|1. Em dash
The chief use of a dash or pair of dashes is to indicate a break in the
flow of thought or an emphatic pause. Do not use three dashes in one
sentence or overuse them on a page. Do not capitalize a complete
sentence that follows a dash.
We were not happy—rather the reverse—at this turn of events.
Then we came to—shall we name the place?—Parkerville.
We enjoyed ourselves immensely—for ten minutes.
Dashes may enclose a phrase that would be set off by commas but which itself contains commas:
There were four of us—Fred, Mary, Joe, and I—by the fire.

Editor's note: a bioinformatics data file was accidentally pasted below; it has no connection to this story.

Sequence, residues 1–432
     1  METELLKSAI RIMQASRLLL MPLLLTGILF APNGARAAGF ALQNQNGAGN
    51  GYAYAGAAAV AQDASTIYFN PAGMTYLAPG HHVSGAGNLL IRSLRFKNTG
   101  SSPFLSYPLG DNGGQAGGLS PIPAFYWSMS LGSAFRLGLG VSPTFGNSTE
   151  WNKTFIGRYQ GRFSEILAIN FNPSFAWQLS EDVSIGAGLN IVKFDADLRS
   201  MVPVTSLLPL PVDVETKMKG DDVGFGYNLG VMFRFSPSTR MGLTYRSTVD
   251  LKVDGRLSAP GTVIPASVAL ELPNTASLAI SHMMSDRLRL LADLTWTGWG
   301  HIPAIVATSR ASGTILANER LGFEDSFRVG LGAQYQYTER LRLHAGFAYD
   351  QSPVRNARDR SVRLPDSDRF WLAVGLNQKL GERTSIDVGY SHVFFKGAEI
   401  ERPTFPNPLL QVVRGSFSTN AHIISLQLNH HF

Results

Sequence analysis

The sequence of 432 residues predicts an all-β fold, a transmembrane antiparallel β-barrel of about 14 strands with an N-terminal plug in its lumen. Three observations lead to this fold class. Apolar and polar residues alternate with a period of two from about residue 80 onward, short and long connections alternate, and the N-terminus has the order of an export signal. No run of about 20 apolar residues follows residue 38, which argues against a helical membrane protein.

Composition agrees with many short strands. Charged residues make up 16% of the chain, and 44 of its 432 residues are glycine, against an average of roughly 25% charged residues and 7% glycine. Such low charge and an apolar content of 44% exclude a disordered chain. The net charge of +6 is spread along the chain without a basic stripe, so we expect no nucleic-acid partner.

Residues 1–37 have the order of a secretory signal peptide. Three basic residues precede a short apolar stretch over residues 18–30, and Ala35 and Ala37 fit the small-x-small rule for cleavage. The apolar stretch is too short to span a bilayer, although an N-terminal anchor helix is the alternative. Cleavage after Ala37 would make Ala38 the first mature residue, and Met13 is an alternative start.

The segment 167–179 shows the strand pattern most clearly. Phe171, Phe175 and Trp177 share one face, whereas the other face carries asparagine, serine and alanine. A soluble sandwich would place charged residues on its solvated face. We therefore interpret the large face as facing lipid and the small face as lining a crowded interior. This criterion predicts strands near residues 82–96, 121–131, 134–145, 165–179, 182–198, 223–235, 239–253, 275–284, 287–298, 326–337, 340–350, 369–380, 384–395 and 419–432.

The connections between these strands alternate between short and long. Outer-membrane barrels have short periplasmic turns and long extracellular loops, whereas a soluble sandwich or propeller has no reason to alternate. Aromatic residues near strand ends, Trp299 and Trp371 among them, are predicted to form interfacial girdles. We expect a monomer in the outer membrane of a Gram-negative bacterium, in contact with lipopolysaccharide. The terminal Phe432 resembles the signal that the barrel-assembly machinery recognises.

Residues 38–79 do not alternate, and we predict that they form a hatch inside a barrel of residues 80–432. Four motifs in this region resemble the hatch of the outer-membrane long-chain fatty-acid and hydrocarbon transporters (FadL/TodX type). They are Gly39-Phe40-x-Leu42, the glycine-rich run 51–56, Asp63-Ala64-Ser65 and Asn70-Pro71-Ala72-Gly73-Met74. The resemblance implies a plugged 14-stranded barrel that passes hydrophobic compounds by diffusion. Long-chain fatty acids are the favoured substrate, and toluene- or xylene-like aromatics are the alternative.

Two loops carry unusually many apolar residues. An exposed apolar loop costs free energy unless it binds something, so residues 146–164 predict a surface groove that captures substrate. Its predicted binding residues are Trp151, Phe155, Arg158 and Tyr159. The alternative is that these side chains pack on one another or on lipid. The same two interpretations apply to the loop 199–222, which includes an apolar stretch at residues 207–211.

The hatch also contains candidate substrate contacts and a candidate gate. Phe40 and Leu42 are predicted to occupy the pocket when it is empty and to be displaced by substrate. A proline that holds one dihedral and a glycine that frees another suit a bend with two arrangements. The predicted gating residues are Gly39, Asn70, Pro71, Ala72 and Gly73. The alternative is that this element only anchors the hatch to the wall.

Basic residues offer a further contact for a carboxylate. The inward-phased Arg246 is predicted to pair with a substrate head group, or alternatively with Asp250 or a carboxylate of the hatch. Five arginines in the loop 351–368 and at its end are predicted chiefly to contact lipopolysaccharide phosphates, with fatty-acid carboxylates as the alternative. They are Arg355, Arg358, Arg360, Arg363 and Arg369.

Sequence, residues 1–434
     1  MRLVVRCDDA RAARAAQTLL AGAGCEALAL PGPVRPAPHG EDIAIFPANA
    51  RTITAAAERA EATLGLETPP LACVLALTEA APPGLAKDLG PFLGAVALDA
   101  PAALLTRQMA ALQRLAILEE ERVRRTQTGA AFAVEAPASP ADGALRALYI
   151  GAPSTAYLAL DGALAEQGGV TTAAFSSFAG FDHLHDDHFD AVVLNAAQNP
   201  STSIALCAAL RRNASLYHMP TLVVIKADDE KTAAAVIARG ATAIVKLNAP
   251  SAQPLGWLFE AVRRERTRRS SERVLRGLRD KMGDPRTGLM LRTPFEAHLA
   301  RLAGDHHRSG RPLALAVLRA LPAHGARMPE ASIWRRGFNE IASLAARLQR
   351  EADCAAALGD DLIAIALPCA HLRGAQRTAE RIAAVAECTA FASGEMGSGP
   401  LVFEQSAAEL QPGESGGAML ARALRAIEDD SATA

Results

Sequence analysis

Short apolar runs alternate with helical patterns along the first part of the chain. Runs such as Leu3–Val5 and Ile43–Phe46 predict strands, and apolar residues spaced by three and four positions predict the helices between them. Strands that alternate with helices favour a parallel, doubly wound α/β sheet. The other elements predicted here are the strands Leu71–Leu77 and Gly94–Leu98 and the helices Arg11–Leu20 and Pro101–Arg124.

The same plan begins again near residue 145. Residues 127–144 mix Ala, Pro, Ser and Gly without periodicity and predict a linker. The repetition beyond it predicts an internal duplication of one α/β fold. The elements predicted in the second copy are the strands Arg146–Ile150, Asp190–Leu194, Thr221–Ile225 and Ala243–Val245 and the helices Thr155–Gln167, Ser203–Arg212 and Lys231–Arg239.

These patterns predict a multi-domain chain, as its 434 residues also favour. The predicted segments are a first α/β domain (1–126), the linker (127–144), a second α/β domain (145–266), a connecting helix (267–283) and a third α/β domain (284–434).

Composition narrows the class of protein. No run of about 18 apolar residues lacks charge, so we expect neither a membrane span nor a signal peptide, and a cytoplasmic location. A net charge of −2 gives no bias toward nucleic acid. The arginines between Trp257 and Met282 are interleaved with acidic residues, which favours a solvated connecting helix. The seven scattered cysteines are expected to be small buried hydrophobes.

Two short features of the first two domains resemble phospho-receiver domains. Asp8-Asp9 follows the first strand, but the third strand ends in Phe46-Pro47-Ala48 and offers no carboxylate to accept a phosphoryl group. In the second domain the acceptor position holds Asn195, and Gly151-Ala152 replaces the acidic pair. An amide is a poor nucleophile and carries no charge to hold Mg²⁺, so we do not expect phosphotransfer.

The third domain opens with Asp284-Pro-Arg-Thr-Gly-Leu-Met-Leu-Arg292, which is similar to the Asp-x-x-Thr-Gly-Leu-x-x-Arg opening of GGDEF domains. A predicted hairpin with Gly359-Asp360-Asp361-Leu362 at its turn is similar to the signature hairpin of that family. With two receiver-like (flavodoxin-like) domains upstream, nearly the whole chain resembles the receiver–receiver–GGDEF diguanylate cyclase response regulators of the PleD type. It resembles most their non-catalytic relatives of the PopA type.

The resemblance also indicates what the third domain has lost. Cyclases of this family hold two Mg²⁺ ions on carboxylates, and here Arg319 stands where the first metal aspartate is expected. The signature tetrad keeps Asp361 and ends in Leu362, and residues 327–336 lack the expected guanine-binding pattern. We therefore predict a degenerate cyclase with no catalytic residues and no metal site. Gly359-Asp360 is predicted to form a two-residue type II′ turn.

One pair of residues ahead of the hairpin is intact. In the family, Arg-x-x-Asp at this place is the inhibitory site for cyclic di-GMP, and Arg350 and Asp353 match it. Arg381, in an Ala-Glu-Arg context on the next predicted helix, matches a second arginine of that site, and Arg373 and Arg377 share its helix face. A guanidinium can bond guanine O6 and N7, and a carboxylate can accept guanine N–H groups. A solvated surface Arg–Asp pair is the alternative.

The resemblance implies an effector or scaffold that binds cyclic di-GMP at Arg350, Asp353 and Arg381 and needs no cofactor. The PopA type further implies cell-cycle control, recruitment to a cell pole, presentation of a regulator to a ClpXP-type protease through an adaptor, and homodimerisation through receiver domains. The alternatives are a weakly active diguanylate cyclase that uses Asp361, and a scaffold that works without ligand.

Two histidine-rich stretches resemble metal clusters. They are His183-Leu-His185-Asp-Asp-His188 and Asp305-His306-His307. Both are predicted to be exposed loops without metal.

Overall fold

No mark of punctuation can stand before a dash except very rarely a
question mark, an exclamation point, a parenthesis, or a bracket.
2. En dash
Use an en dash instead of a hyphen in compound modifiers when one or both of the elements is itself a compound:
Grand Staircase–Escalante National Monument
the Arizona–New Mexico border
Civil War–era house
Some special cases also use an en dash: University of Wisconsin–Milwaukee.
For a range of numbers or dates in display type or in map and graphic
labels, an en dash may be used in place of a hyphen for readability:
20–25 people per square mile
See also HYPHEN, ADJECTIVES AND ADVERBS, PUNCTUATION OF.